How the World Really Works

I just started reading How the World Really Works: The Science Behind How We Got Here and Where We’re Going, by Vaclav Smil, May 10, 2022.

The Introduction was so compelling that I put down my Kindle Oasis, copied these three paragraphs from the Windows Kindle application (starting on the 4th screen), and pasted them in below!

[I added emphasis to Smil’s prose.]

America now has only about 3 million men and women (farm owners and hired labor) directly engaged in producing food—people who actually plow the fields, sow the seeds, apply fertilizer, eradicate weeds, harvest the crops (picking fruit and vegetables is the most labor-intensive part of the process), and take care of the animals. That is less than 1 percent of the country’s population, and hence it is no wonder that most Americans have no idea, or only some vague notion, about how their bread or their cuts of meat came to be. Combines harvest wheat—but do they also harvest soybeans or lentils? How long does it take for a tiny piglet to become a pork chop: weeks or years? The vast majority of Americans simply don’t know—and they have plenty of company. China is the world’s largest producer of steel—smelting, casting, and rolling nearly a billion tons of it every year—but all of that is done by less than 0.25 percent of China’s 1.4 billion people. Only a tiny percentage of the Chinese population will ever stand close to a blast furnace, or see the continuous casting mill with its red ribbons of hot, moving steel. And this disconnect is the case across the world.

The other major reason for the poor, and declining, understanding of those fundamental processes that deliver energy (as food or as fuels) and durable materials (whether metals, non-metallic minerals, or concrete) is that they have come to be seen as old-fashioned—if not outdated—and distinctly unexciting compared to the world of information, data, and images. The proverbial best minds do not go into soil science and do not try their hand at making better cement; instead, they are attracted to dealing with disembodied information, now just streams of electrons in myriads of microdevices. From lawyers and economists to code writers and money managers, their disproportionately high rewards are for work completely removed from the material realities of life on earth.

Moreover, many of these data worshippers have come to believe that these electronic flows will make those quaint old material necessities unnecessary. Fields will be displaced by urban high-rise agriculture, and synthetic products will ultimately eliminate the need to grow any food at all. Dematerialization, powered by artificial intelligence, will end our dependence on shaped masses of metals and processed minerals, and eventually we might even do without the Earth’s environment: who needs it if we are going to terraform Mars? Of course, these are all not just grossly premature predictions, they are fantasies fostered by a society where fake news has become common and where reality and fiction have commingled to such an extent that gullible minds, susceptible to cult-like visions, believe what keener observers in the past would have mercilessly perceived as borderline or frank delusion.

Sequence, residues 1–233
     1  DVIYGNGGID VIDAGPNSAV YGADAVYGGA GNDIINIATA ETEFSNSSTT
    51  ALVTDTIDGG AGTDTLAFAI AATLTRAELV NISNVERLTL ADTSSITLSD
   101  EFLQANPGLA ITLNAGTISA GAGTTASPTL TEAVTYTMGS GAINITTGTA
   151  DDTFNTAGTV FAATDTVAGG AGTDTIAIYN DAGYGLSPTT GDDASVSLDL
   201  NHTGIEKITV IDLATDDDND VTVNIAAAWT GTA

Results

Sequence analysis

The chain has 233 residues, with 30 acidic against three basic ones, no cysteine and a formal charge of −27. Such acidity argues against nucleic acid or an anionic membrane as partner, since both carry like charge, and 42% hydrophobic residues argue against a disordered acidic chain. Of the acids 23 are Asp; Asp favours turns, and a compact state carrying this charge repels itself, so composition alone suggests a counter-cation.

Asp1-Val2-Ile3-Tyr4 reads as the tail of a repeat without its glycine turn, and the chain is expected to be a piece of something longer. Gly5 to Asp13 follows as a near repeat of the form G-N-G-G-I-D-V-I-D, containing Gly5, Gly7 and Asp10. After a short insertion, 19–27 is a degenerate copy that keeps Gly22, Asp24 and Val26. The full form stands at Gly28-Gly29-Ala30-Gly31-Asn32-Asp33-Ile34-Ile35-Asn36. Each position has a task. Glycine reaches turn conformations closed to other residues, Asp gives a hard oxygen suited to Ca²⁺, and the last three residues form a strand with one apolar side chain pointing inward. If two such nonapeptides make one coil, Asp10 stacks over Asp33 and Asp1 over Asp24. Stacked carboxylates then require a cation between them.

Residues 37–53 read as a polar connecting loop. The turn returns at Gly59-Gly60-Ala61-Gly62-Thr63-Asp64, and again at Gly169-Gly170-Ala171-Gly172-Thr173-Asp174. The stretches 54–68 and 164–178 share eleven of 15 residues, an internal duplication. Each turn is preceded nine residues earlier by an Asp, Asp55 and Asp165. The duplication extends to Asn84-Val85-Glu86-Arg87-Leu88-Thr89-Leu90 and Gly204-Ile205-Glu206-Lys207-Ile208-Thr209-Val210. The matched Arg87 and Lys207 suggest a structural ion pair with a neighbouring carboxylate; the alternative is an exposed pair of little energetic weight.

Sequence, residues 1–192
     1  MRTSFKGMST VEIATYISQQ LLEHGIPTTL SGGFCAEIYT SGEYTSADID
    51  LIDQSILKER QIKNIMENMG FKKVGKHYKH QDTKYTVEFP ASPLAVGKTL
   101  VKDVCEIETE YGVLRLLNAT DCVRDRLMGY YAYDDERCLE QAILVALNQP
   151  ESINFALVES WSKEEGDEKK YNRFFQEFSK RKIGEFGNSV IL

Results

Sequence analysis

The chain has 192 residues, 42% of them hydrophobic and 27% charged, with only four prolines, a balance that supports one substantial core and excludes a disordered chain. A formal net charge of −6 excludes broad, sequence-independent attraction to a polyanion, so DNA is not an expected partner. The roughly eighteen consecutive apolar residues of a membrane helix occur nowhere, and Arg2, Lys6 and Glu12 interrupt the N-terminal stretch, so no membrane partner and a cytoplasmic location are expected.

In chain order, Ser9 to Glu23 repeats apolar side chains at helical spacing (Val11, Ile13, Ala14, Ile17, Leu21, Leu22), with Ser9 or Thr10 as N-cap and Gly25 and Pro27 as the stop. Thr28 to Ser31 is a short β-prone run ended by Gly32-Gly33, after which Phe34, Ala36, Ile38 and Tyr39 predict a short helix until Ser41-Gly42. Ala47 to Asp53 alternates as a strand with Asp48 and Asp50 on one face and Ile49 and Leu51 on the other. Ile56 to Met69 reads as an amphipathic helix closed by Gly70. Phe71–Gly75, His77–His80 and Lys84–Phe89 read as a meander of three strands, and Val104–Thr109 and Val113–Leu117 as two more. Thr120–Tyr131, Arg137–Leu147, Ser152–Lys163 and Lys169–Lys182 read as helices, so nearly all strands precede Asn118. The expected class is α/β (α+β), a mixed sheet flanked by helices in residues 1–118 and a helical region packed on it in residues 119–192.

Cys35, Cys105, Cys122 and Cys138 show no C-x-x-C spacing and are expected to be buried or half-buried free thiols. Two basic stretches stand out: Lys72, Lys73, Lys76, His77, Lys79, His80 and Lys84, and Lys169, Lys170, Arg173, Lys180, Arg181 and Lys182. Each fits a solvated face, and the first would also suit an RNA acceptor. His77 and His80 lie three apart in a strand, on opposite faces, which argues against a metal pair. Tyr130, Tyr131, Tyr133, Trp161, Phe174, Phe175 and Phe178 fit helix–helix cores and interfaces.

Please see this detailed review from January 26, 2002 by Joakim Book.

Here is a short excerpt:

No matter our position on the threats of climate change, fossil fuels are going to be with us for a long time: they literally power our world and produce our food – and “no AI, no apps, and no electronic messages will change that.” Humanity is 

a fossil-fueled civilization whose technical and scientific advances, quality of life, and prosperity rest on the combustion of huge quantities of fossil carbon, and we cannot simply walk away from this critical determinant of our fortunes in a few decades, never mind years.

Author: benslivka

19 start-ups, software, hardware, biotech, space launch, neurodiversity, learning, free markets, food, wine, cycling, walking, Seattle, Microsoft, Northwestern University, Garfield HS, DreamBox Learning, IBM, Amazon.

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